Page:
A shift in resources and policy focus from foodgrains to pulses and oilseeds could help address nutritional deficiency issues.
The major economic problem of India is that agriculture and allied activities account for only 15 per cent of GDP while 70 per cent of the country's population lives in rural areas. With a growth of agriculture at a rate significantly lower than that of GDP, the trend is an inexorable reduction of the share of agriculture in GDP.
One wonders why the rural poor migrate to urban areas, particularly metropolitan cities, to live in pathetic slums. The fact is that the extent of rural poverty is far more than is generally perceived and what the authorities are willing to admit.
From time to time, earnest efforts are made to break through the barrier of rural poverty and faith is put in various programmes — the Intensive Package Programme of the 1960s, the Integrated Rural Development Programme of the 1970s, the Service Area approach of the 1980s.
Today's mantra is financial inclusion and the Mahatma Gandhi National Rural Employment Guarantee Act scheme. The excessive reliance on financial inclusion as a panacea is misplaced. Financial inclusion, without the generation of real activity, is bound to fail.
There is an erroneous belief that the rural sector is pampered — exemption from income tax, huge subsidies, irregular use of electricity and water and a host of other facilities.
What is often not recognised is that while these concessions add up to a very large amount, the benefits flow largely to the well-off segments in the rural areas.
While there is no magic wand which will cure all the ills of the rural economy, a few immediate measures could at least alleviate the situation.
The most pressing problem faced by the government at the present time, relates to the unprecedentedly high public sector stocks of foodgrains of 75 million tonnes (essentially rice and wheat).
It is unfortunate that, of these stocks, 25 million tonnes are in open storage which would be subject to severe damage in the next few months.
Free distribution of the excess stocks to areas where there is acute starvation is the logical solution over rotting stocks being fed to rats.
Erudite analysis would caution us about leakages which would result from grains not reaching the intended beneficiaries and anticipations would develop of free distribution becoming the norm.
Another alternative would be to export as much as possible at international prices, which may be lower than domestic prices, but would obviate a total loss of the excess stocks.
Unless the excess stocks are reduced speedily, there would be a loss of about 10 million tonnes from the public sector stocks by end-2012.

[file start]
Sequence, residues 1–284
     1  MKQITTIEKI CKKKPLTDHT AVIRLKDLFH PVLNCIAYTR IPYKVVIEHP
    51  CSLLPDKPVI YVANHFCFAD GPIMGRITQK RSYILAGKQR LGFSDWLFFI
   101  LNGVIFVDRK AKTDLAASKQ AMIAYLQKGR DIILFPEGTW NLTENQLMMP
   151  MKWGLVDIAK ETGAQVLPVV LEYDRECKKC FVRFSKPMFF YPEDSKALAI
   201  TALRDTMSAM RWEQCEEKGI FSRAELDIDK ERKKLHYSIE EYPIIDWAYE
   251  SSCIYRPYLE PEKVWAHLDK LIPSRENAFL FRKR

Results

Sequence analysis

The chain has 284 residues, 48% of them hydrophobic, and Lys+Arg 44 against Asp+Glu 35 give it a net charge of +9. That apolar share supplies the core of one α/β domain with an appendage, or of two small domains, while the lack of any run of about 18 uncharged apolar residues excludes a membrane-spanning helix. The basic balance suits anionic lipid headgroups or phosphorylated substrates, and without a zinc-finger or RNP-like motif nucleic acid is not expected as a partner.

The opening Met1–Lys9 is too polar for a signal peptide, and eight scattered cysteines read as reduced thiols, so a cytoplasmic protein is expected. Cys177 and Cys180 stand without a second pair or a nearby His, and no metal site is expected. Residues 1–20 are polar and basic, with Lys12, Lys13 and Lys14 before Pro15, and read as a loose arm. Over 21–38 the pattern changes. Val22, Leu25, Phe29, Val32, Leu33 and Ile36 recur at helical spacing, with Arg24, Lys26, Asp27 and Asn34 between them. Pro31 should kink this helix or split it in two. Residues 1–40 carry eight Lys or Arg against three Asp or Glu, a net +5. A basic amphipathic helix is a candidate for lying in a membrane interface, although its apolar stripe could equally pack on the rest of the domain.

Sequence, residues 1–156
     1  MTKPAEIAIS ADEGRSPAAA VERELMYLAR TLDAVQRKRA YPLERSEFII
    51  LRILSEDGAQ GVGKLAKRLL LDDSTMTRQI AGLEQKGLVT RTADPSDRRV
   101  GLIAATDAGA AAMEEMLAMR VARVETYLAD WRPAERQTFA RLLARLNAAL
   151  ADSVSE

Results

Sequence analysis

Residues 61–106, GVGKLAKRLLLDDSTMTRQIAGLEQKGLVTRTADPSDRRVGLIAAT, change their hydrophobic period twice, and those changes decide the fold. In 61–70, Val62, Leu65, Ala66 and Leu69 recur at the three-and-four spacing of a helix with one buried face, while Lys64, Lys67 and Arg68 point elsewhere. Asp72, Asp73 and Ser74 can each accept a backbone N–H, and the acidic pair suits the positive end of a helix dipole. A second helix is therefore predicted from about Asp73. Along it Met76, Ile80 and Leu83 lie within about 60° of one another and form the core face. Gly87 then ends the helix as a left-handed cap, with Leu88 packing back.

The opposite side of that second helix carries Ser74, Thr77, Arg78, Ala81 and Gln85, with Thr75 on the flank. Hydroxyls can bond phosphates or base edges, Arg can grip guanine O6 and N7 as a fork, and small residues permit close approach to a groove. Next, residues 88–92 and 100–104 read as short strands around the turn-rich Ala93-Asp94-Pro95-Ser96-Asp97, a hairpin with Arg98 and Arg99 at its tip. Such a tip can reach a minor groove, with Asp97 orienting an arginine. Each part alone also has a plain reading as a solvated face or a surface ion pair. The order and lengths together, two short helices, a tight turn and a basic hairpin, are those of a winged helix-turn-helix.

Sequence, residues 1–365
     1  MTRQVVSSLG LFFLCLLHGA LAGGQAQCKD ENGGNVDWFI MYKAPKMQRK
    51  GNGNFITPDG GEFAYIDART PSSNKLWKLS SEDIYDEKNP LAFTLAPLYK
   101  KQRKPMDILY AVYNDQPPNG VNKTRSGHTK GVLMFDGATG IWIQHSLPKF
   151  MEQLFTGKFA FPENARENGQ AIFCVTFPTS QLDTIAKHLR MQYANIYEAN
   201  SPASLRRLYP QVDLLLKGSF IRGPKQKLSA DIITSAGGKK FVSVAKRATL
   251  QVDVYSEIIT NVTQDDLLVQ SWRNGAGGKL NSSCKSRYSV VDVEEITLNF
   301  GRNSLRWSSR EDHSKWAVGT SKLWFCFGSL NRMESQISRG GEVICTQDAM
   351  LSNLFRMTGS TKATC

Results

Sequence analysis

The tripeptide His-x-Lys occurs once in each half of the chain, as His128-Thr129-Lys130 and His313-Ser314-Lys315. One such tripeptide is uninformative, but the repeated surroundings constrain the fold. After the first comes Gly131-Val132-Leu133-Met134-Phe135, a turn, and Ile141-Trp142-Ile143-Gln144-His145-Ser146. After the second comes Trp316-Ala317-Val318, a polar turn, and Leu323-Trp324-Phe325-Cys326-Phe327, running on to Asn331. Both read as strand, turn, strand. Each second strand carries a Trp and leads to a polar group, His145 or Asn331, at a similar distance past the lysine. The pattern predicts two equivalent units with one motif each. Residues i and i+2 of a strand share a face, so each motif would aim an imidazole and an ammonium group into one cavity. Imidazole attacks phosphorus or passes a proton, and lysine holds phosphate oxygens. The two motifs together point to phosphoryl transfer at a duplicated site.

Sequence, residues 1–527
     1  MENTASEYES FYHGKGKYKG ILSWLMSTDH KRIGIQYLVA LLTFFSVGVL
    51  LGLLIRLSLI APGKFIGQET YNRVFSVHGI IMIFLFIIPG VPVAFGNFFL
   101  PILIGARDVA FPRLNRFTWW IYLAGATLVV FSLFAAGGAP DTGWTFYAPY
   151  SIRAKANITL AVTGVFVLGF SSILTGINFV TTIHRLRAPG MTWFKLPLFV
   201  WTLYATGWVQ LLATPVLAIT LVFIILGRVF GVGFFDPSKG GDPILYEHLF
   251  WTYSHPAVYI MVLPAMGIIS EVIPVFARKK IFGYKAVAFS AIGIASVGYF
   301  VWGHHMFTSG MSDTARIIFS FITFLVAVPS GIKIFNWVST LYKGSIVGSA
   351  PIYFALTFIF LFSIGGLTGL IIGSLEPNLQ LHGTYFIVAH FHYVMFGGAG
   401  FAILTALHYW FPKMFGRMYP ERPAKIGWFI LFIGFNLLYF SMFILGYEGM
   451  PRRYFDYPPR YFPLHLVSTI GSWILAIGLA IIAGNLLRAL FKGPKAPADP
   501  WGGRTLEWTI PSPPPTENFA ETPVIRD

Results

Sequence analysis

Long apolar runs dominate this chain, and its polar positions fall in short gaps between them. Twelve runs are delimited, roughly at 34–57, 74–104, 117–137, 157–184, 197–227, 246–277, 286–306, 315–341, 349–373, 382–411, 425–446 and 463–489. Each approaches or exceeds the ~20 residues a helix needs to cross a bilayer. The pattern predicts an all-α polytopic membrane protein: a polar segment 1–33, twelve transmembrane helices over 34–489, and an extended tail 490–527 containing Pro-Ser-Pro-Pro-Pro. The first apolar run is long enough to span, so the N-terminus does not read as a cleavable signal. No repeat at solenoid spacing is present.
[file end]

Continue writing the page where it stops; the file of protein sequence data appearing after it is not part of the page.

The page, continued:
On balance, a humane decision would be to rapidly undertake a free distribution of the excess stocks and face up to the medium-term problem of this becoming a bad precedent.
It does not need great erudition to alter incentives to discourage production of commodities in excess supply and to encourage output of commodities in short supply. It is unconscionable that the per capita daily availability of pulses has fallen from 69 gms in 1961 to 31.6 gms in 2010.
It is to India's shame that vast tracts of population are bereft of protein. This problem has not surfaced only in the recent period but has been observed over the past five decades and, while token efforts have been made to deal with this, the pulses situation continues to deteriorate. While pulses output rose sharply to 18 million tonnes in 2010-11, indications are that output will soon fall back to the trend of earlier years of around 15 million tonnes.
Again, there is a chronic shortage of vegetable oils and large imports have become entrenched in the system.
It is time to expeditiously undertake effective measures. First, if the present foodgrains subsidy of Rs 73,000 crore per annum is reduced by 10 per cent and Rs 7,300 crore is channelled to pulses and oilseeds, there would be a clear enhancement of national welfare.
Secondly, foodgrains producers could be provided subsidies for keeping land fallow or if they switch over to pulses and oilseeds.
Thirdly, pulses are grown essentially by marginal farmers in arid areas. While there are apprehensions of a political fall-out of corporatisation of agriculture, serious consideration should be given to leasing it to corporates for long periods, for producing pulses on uncultivated government land. Today's technology enables the desert to bloom and limited corporatisation specifically for pulses could be considered.
The government needs to give freedom to commodity producers to choose between selling in the domestic market and exports. The government's policy of flip flop on banning and allowing exports needs to be reconsidered. (Business Line ‘Export Control Raj', May 5, 2012 presents a perceptive analysis of this issue).
There is an imperative need to free agriculture from the shackles of subsidising the urban sector. Herein lies the solution to alleviate rural poverty. Ultimately, it is agriculture which will make or break India.
(The author is an economist. email@example.com)